Spring Semester, Senior Year: During the first week of the second semester, students will meet with their thesis committee and give a formal presentation and update on the progress of their project. At this point, the committee will decide if the student may advance to ES 370. A list of approved ES 370 students will be sent to the registrar and the office will register them. This is considered the halfway point of the thesis. If students are not able to continue with the thesis, the fall ES 360 is transformed into an ES 350 Independent Study course. Students choosing not to continue with the thesis can decide (in conjunction with their advisors) whether they want to continue on with Independent Study.
Students will submit a complete draft of their thesis to their committee by April 1st. After this draft is submitted, students will consult with their committee to schedule the one-hour thesis oral exam during reading period. For 2013, Reading Period begins Thursday, May 9th, and ends Sunday, May 12th. Students and their committee should also arrange for a Committee on Curriculum and Instruction (CCI) visitor to attend the defense. Students should contact several faculty to determine if they are willing to be the CCI representative at the defense.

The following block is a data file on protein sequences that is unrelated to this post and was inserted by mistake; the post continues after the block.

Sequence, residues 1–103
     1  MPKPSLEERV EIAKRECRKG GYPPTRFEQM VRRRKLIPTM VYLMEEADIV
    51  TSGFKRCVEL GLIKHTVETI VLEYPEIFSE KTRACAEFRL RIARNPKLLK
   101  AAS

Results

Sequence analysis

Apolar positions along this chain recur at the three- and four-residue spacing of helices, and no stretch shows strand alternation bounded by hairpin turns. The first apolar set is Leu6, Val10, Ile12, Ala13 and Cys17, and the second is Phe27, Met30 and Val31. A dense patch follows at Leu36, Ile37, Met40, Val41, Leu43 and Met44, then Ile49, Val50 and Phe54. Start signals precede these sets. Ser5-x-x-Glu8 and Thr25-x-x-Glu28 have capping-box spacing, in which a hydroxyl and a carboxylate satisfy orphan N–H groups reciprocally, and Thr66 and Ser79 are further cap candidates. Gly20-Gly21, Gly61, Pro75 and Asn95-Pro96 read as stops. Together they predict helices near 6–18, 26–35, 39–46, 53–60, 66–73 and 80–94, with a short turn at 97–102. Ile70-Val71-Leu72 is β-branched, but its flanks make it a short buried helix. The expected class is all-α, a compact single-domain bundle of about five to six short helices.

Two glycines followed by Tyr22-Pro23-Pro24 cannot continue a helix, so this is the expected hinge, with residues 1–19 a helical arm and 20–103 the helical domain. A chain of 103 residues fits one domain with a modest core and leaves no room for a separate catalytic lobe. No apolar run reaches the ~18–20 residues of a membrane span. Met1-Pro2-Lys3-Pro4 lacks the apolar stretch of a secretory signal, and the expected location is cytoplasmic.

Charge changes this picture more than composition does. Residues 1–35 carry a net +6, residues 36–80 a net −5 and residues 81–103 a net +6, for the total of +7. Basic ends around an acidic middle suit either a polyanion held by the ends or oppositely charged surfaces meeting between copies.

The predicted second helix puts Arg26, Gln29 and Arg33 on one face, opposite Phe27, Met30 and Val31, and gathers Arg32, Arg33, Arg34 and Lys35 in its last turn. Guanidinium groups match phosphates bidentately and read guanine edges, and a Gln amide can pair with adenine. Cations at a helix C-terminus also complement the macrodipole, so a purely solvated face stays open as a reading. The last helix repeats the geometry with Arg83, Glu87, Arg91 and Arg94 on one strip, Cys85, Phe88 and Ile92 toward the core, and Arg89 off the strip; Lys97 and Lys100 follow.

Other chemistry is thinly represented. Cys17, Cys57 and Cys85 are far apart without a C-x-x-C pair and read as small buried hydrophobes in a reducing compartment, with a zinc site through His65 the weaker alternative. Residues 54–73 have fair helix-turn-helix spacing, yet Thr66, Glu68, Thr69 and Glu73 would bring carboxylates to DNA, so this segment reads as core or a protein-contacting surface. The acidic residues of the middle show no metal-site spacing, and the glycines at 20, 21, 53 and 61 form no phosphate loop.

Note: If the student would like to have a local off campus additional thesis committee member present at the defense funds are available from the Deans office to provide an honorarium for this external committee member. This member is expected to participate in the questioning of the student but does not have a formal vote for the conformation of honors. Many students find this process helpful in making research connections beyond the college and expending their list of faculty that might serve as future letter of recommendation writers.